Massey claims apple-bobbing record
Palmerston North's newest batch of scarfies have taken a bite into student life today with a hard-core welcome to the city.
As part of Massey University-run Orientation Week activities, students and staff lined up to break the apple-bobbing world record during their lunch break.
What proved to be a spluttering start to the academic year has seen hundreds of Massey students and staff try bobbing for fruit in buckets en masse in a bid to beat the world record of 597 people simultaneously apple-bobbing.
Manawatu campus student life coordinator Kirsty Greenwell said organisers had hoped for more than 800 students and staff to help blitz the current world record, which is held by the Ontario Apple Growers' association, in America.
An early head count showed about 600 people taking part, Miss Greenwell said.
Participants were positioned inside a specially marked area of concourse, hands behind back and watched closely by judges.
More than 160 tables were set up holding 800 buckets filled with 10 apples each.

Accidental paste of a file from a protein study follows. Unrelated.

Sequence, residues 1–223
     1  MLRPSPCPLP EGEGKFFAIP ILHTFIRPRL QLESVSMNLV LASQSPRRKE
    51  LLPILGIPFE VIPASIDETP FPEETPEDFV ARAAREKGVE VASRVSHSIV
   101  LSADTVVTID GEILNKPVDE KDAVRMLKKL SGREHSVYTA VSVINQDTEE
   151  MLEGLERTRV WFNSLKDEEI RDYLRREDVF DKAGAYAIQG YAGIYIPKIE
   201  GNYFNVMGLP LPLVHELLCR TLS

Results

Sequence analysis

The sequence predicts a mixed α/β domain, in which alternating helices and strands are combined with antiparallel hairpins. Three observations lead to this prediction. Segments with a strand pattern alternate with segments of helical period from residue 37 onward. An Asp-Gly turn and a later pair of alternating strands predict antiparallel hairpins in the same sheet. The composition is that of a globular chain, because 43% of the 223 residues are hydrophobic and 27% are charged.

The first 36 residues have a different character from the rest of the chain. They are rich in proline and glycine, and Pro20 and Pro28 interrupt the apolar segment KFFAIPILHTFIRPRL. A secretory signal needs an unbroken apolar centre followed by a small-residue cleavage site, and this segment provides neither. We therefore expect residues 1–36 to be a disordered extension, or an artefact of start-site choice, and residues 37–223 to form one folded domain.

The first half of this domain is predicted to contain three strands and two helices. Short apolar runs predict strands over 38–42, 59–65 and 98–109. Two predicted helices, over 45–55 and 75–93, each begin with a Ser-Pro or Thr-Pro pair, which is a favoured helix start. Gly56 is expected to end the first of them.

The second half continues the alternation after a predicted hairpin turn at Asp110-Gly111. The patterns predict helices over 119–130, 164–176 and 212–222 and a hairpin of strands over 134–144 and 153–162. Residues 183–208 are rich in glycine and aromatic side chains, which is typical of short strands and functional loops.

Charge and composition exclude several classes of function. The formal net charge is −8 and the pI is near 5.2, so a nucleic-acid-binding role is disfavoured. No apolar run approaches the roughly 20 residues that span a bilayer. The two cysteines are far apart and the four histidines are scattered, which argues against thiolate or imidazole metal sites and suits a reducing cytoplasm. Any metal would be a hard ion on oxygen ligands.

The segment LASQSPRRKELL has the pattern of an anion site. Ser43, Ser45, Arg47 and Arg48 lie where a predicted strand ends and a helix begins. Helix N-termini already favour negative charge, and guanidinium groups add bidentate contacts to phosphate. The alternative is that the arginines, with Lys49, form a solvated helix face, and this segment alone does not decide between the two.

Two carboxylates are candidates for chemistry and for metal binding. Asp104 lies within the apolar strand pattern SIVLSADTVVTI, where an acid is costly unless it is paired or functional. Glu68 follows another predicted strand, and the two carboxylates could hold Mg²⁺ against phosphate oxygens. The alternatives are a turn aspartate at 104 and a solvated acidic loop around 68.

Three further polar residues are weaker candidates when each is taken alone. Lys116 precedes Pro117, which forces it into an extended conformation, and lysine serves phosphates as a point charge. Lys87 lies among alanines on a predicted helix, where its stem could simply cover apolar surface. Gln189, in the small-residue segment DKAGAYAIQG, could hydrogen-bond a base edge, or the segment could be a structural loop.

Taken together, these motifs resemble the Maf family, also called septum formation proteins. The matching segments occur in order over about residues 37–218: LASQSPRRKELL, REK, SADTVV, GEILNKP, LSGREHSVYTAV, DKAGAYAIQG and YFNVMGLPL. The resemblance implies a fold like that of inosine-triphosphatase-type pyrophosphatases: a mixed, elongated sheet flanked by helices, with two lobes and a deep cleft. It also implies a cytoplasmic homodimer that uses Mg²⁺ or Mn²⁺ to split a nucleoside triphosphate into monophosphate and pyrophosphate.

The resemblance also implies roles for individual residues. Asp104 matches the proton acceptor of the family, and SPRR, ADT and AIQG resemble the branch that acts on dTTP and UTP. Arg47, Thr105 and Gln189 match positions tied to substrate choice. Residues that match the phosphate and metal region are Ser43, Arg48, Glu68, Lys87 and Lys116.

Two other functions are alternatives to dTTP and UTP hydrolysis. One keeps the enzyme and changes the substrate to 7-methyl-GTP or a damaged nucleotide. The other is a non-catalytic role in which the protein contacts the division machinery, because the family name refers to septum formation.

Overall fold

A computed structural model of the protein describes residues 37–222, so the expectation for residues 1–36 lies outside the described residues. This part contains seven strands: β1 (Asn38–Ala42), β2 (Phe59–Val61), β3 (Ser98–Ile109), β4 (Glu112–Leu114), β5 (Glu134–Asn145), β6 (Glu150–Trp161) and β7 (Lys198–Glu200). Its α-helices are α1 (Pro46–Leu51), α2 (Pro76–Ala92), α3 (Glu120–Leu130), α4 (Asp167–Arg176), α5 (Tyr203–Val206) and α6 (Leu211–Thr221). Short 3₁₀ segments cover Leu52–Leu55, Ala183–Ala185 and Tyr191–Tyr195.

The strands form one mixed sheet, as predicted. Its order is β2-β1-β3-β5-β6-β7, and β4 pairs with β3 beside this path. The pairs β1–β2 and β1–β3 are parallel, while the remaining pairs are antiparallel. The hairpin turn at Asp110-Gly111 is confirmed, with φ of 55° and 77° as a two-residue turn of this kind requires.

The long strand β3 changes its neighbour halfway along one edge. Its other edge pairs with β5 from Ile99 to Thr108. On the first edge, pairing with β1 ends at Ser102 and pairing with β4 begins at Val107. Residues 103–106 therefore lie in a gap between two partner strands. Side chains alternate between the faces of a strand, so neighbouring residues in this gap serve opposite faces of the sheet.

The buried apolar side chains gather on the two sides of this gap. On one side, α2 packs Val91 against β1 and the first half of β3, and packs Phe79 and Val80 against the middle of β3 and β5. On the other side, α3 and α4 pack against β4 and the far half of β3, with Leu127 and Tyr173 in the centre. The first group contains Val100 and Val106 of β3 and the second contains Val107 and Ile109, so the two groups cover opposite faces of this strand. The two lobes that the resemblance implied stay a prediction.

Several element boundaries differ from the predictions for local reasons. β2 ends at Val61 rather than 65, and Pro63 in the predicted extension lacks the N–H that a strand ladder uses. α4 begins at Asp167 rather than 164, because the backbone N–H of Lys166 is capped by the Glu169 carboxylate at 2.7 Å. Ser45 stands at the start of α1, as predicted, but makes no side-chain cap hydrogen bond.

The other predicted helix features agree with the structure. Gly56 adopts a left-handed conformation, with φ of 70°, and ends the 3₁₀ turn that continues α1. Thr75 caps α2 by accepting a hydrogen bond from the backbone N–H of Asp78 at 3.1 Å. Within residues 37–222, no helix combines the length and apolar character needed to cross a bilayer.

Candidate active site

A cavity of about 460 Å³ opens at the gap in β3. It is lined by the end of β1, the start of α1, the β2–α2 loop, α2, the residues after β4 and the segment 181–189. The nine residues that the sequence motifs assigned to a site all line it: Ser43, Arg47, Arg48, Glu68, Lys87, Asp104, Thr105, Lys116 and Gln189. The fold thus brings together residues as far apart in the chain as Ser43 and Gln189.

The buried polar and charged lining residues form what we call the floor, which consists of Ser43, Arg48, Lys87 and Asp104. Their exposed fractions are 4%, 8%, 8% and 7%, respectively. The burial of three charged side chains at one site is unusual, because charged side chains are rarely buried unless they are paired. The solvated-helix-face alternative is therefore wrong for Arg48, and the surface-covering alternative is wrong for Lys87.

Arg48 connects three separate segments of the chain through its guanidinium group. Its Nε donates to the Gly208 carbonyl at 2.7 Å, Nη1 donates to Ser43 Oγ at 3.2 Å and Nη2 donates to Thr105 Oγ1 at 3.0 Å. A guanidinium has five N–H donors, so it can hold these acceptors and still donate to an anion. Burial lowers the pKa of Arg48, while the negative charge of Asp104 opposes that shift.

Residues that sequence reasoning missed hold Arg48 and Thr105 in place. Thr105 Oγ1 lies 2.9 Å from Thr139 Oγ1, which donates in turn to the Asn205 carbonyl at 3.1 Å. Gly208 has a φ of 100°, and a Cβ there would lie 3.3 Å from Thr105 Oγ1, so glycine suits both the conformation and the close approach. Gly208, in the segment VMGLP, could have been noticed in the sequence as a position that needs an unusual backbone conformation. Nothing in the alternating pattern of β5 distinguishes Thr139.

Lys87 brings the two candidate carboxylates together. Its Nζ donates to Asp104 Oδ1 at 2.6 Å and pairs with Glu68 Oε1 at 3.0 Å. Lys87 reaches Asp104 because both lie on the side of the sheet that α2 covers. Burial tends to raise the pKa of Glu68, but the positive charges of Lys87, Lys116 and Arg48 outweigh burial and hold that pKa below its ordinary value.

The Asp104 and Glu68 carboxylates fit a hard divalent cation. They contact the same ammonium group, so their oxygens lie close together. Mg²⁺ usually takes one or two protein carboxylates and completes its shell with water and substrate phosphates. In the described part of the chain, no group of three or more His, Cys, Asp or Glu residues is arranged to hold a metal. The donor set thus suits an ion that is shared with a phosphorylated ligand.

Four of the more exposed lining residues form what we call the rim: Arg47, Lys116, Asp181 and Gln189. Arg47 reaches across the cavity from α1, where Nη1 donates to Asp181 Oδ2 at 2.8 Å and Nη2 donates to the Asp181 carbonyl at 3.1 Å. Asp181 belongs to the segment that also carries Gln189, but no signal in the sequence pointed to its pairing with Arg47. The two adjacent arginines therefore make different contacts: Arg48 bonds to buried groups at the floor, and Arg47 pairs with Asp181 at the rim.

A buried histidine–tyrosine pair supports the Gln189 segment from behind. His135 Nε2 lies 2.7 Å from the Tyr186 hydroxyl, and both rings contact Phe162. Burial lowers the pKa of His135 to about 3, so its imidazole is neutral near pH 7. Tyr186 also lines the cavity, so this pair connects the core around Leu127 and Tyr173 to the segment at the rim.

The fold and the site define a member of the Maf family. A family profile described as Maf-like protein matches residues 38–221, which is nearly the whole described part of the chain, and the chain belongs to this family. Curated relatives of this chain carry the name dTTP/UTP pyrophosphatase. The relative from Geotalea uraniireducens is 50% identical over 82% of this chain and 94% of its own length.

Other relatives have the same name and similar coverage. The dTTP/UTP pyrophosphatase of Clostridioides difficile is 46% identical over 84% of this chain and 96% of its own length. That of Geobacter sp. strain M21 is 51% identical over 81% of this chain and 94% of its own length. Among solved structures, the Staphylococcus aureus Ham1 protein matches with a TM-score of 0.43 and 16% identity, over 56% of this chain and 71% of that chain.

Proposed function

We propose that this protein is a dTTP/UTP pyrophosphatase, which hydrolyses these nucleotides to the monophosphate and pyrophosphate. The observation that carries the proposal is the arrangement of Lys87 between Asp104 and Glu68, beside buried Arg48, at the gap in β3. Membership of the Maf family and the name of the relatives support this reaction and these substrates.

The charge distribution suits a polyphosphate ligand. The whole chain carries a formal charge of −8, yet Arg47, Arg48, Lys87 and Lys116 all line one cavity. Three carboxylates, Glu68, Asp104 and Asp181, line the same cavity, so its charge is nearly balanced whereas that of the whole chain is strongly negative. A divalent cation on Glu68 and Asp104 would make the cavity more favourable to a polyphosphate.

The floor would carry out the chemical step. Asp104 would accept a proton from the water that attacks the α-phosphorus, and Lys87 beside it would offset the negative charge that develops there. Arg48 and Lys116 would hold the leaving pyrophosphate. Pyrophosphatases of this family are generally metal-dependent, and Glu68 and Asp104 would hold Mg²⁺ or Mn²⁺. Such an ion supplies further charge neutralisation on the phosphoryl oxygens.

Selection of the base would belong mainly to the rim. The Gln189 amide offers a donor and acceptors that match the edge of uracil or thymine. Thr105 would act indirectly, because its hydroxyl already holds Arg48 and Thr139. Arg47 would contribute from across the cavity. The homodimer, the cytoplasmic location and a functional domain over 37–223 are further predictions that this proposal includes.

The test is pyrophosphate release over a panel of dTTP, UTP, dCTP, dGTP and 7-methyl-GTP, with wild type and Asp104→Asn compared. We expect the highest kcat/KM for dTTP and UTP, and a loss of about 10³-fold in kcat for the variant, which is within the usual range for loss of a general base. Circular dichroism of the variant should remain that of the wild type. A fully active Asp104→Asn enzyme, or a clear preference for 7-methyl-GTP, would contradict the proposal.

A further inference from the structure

After a countdown participants launched into plucking 10 floating apples from a water-filled bucked and putting them into a plastic bag, without the assistance of their arms.
The attempt ended minutes later when the first person bobbed all 10 apples from the bucket in the fastest time.
First-year students, and first-time apple bobbers, Lydia Watts, 18, and Hayley Ross, 17, said it was once-in-a-lifetime opportunity to be involved record-setting event.
"It's a good chance to break a world record," Miss Ross said. "Plus it gets us out of the halls," Miss Watts said.
Event organisers are now pulling together proof, including a time-stamped film clip and an aerial photograph, to send to Guinness World Records officials.
It was slow moving to get students along at first, but the world record number was just reached.
Miss Greenwell said with thousands of students on campus for O-Week activities it wasn't hard to garner interest but getting students to line up provided a bit tricky.
"This year is our 50th anniversary as a university ... it's fairly significant for us and our new students get to make some more history breaking a world record here."
The attempt was witnessed by the Manawatu Jets, Turbos and members of the Manawatu Striders as independent stewards.
They have to sign post-event statements saying all apple-bobbing participant competed and took part with no cheating.
Apple-bobbing was chosen as a fun way of celebrating 2014 Orientation and Massey's 50th anniversary of its world-leading Food Technology research and teaching programme.